Dynamic programming solution for Facebook Hacker Cup problem "AAAAAA" in B-Prolog
There are lots of material on how to solve puzzles and puzzle-like problems in Prolog (see Hakan Kjellerstrand's B-Prolog page, for example). But often the problems shown are either initially intended to be solved by hand (have small search space), or specifically tailored for logic programming paradigm.
I want to show my Prolog solution to a Facebook Hacker Cup problem, AAAAAA from the round 1 of 2014. The problem has relatively large search space and was intended to be solved by skilled algorithmists using conventional programming languages.
Here is a summary of the problem:
For every test case the input is a
M grid of characters (
M are up to 500), where '
.' denotes an open cell, and '
#' denotes a closed cell ("blocked with a car").
The goal is to construct a longest path ("queue of people") using only open cells
from the top-left corner, such that every non-starting cell in the path lies right or down from the previous cell.
One exception is allowed – it's possible to go left or up in one contiguous segment of the whole path. Every open cell can be used at most once in the path.
The output of a test case in the length of a longest path. There can be up to 20 test cases in a single test file.
Example input and output:
5 5 5 ..... ..... ..... ..... ..... 1 10 .......... 5 5 ...#. ...#. ...#. ...#. ..... 3 3 ..# #.# ... 3 8 ........ #.#.#.#. #.#.#.#.
Case #1: 17 Case #2: 10 Case #3: 17 Case #4: 5 Case #5: 10
In the first example case there are no closed cells, and a longest path is:
↓→↓. ↓↑↓.. ↓↑↓.. ↓↑↓.. →↑→→⊕
For the last test case the path is:
→→→→→→→↓ #.#.#.#↓ #.#.#.#⊕
My solution uses a B-Prolog-specific "mode-directed tabling", which is a form of memoization. This is not a standard Prolog feature, so it will not work with other Prolog implementations (similar features exist in XSB and YAP).
The solution uses top-down dynamic programming. You don't have to know much about dynamic programming to understand the solution: the program just describes all possible ways to extend the queue and asks B-Prolog to find max value of the queue length.
This is the actual code I wrote and submitted during the competition:
:- table queue(+, +, +, +, +, +, max). queue(_R, _C, _, _, X, Y, 1) :- \+ car(X, Y). % move down queue(R, C, Used, Prev, X, Y, S) :- X < R, Prev \= up, Xp1 is X + 1, \+ car(Xp1, Y), queue(R, C, Used, down, Xp1, Y, Snext), S is 1 + Snext. % move right queue(R, C, Used, Prev, X, Y, S) :- Y < C, Prev \= left, Yp1 is Y + 1, \+ car(X, Yp1), queue(R, C, Used, right, X, Yp1, Snext), S is 1 + Snext. % move up queue(R, C, Used, Prev, X, Y, S) :- X > 1, (Used =:= 0 ; Prev == up), Prev \= down, Xm1 is X - 1, \+ car(Xm1, Y), queue(R, C, 1, up, Xm1, Y, Snext), S is 1 + Snext. % move left queue(R, C, Used, Prev, X, Y, S) :- Y > 1, (Used =:= 0 ; Prev == left), Prev \= right, Ym1 is Y - 1, \+ car(X, Ym1), queue(R, C, 1, left, X, Ym1, Snext), S is 1 + Snext. do_case(Case_num, R, C) :- queue(R, C, 0, right, 1, 1, S), format("Case #~w: ~w\n", [Case_num, S]). main :- read(T), foreach(Case_num in 1..T, [R, C, N], ( initialize_table, abolish, read([R, C]), read(N), assert(car(-1, -1)), % dummy foreach(_I in 1..N, [X, Y], (read([X, Y]), assert(car(X, Y)))), do_case(Case_num, R, C) )).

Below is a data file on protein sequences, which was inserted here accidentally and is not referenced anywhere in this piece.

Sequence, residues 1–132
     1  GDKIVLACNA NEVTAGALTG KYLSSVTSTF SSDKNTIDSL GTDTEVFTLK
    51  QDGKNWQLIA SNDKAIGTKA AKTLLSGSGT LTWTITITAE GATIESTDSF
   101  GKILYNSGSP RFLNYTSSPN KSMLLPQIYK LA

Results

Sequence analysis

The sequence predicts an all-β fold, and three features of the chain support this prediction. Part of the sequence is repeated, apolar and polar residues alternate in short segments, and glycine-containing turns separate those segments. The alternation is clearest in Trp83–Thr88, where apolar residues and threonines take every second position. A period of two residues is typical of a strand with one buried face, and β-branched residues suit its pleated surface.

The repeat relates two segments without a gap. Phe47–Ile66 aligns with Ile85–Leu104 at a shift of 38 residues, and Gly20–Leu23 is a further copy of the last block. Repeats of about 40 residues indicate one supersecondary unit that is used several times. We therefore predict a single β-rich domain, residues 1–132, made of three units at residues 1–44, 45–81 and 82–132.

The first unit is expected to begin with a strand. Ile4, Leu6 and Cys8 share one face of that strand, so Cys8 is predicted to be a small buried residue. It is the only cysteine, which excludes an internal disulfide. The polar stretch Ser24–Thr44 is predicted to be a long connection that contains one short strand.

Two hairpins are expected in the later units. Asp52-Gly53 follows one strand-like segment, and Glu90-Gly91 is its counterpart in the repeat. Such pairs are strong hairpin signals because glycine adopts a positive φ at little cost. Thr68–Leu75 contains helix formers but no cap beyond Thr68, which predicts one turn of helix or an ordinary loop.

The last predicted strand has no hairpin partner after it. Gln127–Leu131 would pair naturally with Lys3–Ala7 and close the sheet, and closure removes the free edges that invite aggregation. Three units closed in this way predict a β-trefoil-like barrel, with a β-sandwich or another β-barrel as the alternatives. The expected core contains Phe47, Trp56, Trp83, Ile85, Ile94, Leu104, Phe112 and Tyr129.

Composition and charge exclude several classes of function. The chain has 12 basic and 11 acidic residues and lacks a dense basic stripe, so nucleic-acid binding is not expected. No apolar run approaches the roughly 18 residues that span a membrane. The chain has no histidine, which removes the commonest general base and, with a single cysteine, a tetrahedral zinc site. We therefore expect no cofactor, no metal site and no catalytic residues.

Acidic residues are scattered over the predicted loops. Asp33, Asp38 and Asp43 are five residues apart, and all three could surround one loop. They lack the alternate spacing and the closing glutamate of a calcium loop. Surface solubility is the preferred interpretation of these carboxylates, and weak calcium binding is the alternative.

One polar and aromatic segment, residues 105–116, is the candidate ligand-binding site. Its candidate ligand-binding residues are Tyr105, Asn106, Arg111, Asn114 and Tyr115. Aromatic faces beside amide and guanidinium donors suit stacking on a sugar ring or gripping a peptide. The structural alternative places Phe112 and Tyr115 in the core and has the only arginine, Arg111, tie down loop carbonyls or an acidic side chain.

The first line is a tabling mode declaration for my
queue predicate: the first 6 parameters are input parameters, and the last parameter is an output,
which needs to be maximized if several different outputs are possible for some input.
queue parameters are:
R- number of grid rows
C- number of grid columns
Used- 1 if a left or up move was already used, 0 otherwise
Prev- direction of the previous step
X- current X coordinate
Y- current Y coordinate
S- length of a path from (
The first clause of the
queue predicate says that if there is no a car in a cell (
then it's possible to have a queue of length 1 starting in this cell (at least).
Next 4 clauses are for the 4 possible ways to extend a queue: go down, right, up, or left.
To go down, the following conditions must be met according to the clause:
- current cell row
Xis less than number of rows
- previous step was not "up"
- there is no car in the position (
- the length of the resulting queue is 1 + length of a queue starting from the cell (
The clause to go right is very similar.
The clauses to go up and left have extra condition that a left or up move was not used yet, or we continue the sequence of left or up moves:
(Used =:= 0 ; Prev == up)
queue to find the length of a longest queue from the top-left corner.
Thanks to tabling, subproblem answers are only computed once.
main reads number of test cases, and for each test case reads
C, and positions of cars in a Prolog-friendly format;
for each car a fact is asserted in the Prolog database to be used by
I could have worked with the problem input directly in B-Prolog, but I decided that it's much easier to preprocess the input with a Python script (basically, output a two-element list of coordinates for each car in the input; also end each line with a period):
T = int(raw_input()) print "%d." % T for case_num in range(1, T + 1): R, C = map(int, raw_input().split()) print "[%d, %d]." % (R, C) cars =  for i in range(R): row = raw_input().strip() for j in range(C): if row[j] == '#': cars.append([i + 1, j + 1]) print "%d." % len(cars) for car in cars: print "[%d, %d]." % (car, car)
Here is the command to run the whole thing (
tail excludes B-Prolog version info from the output):
cat in-file | python preprocess.py | bp -g "cl('AAAAAA.pl'),main,halt" -l | tail -n +7 > out-file
You can download other participants' solutions for the problem (mostly in Java or C++) from the scoreboard and compare them with my B-Prolog solution. Most of them, if not all, use some form of dynamic programming.
BTW, Facebook Hacker Cup 2015 starts in a month.